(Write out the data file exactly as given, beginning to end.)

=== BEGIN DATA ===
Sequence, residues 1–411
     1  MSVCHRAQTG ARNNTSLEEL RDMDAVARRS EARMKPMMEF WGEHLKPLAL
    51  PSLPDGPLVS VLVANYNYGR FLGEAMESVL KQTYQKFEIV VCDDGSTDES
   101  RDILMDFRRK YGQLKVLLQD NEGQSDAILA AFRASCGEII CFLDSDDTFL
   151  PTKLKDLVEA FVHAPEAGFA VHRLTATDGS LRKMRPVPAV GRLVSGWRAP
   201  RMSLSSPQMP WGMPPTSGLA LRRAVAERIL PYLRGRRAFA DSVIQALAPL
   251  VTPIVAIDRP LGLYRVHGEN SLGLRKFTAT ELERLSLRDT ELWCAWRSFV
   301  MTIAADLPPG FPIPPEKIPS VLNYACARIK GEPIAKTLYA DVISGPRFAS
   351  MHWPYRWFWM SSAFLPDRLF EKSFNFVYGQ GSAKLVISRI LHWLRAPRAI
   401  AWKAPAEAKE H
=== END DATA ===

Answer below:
Sequence, residues 1–411
     1  MSVCHRAQTG ARNNTSLEEL RDMDAVARRS EARMKPMMEF WGEHLKPLAL
    51  PSLPDGPLVS VLVANYNYGR FLGEAMESVL KQTYQKFEIV VCDDGSTDES
   101  RDILMDFRRK YGQLKVLLQD NEGQSDAILA AFRASCGEII CFLDSDDTFL
   151  PTKLKDLVEA FVHAPEAGFA VHRLTATDGS LRKMRPVPAV GRLVSGWRAP
   201  RMSLSSPQMP WGMPPTSGLA LRRAVAERIL PYLRGRRAFA DSVIQALAPL
   251  VTPIVAIDRP LGLYRVHGEN SLGLRKFTAT ELERLSLRDT ELWCAWRSFV
   301  MTIAADLPPG FPIPPEKIPS VLNYACARIK GEPIAKTLYA DVISGPRFAS
   351  MHWPYRWFWM SSAFLPDRLF EKSFNFVYGQ GSAKLVISRI LHWLRAPRAI
   401  AWKAPAEAKE H